US Right To Know

U.S. Right to Know (USRTK) is a radical anti-biotechnology front group for the organic food industry. Created by Organic Consumers Association (OCA) in 2014, the non-profit claims that they are “working for transparency and accountability in our nation’s food system.” In reality, they are a militant group of dishonest activists with a mission to bully, harass and intimidate scientists who debunk the specious claims of the organizations that bankroll them.

USRTK’s work is universally rejected by the scientific community as activist propaganda.

USRTK Peddles Merchants of Doubt Conspiracy Theory

Following the lead of academic activists like Naomi Oreskes, USRTK promotes the Merchants of Doubt myth about scientists while engaging in being just that. They conspiratorially claim that powerful food and chemical companies hire prominent academics to block regulation of their products and mislead the the public about the safety of transgenic food. Since little evidence exists to support this outlandish conspiracy, USRTK simply manufactures it.

FOIA as a Weapon: USRTK Copies a Familiar Activist Ploy

USRTK is well known for filing baseless lawsuits and publishing sham research papers, but the group’s favorite ploy is to abuse the Freedom of Information Act (FOIA) to access the emails of researchers who oppose their political agenda, typically scientists who study plant biotechnology and agriculture.  

Once in possession of these emails, USRTK strips them of their context and quote mines scientists to claim that the scientists in question are shills for big corporations. The group then selectively leaks portions of their documents to sympathetic voices in the media, who repeat USRTK’s claims of corruption and cover up with little or no scrutiny.

USRTK has used this strategy many times in the last three years to attack scientists like Kevin Folta, Bruce Chassy, Peter Phillips and others. In each case the accusations have been proven false, and numerous scientists have pointed out that USRTK is ironically copying the dishonest tactics of climate change deniers, global warming being the only science this anti- group considers valid.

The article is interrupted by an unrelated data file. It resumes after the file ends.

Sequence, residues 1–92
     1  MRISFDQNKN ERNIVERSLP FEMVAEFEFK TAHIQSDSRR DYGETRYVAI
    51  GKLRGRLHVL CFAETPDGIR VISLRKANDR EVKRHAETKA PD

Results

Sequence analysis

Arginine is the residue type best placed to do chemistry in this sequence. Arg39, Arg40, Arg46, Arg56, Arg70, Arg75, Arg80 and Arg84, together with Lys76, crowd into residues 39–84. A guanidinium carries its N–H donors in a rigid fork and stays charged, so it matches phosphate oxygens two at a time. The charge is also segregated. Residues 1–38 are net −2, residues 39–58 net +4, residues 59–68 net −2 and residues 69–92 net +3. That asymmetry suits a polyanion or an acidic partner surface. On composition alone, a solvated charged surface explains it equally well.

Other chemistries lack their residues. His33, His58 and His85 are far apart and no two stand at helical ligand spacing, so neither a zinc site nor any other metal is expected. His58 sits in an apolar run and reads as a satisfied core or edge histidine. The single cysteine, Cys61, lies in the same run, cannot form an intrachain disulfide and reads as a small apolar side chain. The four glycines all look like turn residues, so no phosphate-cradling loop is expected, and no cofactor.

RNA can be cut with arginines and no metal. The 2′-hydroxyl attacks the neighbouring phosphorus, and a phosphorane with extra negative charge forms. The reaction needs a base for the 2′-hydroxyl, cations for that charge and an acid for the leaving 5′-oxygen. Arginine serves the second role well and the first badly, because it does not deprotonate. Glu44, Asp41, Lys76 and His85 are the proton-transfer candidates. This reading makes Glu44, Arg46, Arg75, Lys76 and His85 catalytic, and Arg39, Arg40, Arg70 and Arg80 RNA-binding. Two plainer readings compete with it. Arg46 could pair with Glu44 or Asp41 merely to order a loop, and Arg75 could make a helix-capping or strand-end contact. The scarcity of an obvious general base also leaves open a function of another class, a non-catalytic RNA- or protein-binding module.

USRTK Embraces Quackery of all Sorts

Though best known for their counter-consensus views on transgenic food and pesticides, USRTK also endorses junk science around the safety of processed food, artificial sweeteners and food preservatives and even cosmetics. The group is also sympathetic to the anti-vaccine movement thanks to their funding from the organic industry. USRTK co-director and co-founder Gary Ruskin has refused to explain why his group takes money from organizations that spread myths about vaccines.

USRTK: Industry Front Group EST. 2014

After Gary Ruskin’s California GMO labeling initiative Prop. 37 failed spectacularly in 2012, the industry trade group Organic Consumers Association (OCA) created USRTK and staffed it with Prop. 37 activists that Ruskin deemed reliable. But OCA is not the only corporate group helping promote their fear and doubt. The organization also receives funding  from Dr. Bronner’s “magic” soap company, which not coincidentally spreads anti-vaccine hysteria, and the Crossfit Corporation, whose CEO Greg Glassman came under nationwide fire after he claimed that Coca-Cola causes type 1 diabetes.  Crossfit funded USRTK after the American Council on Science and Healthexposed why Glassman claimed one brand of soda causes any form of diabetes.

Why Crossfit CEO Greg Glassman says Coke causes diabetes

Showing their deep ties to powerful political operatives, USRTK counts partisan lawyer Lisa Graves, a lawyer for the Clinton administration during his impeachment, among its trustees. Graves runs the political attack site Center for Media and Democracy, a dark-money-funded group which hosts anti-science Wiki sites such as Sourcewatch and PRwatch. 

For more detailed analysis of the U.S. Right to Know industry front group, please see the entries on their individual staff members:

Gary Ruskin

Carey Gillam

Stacy Malkan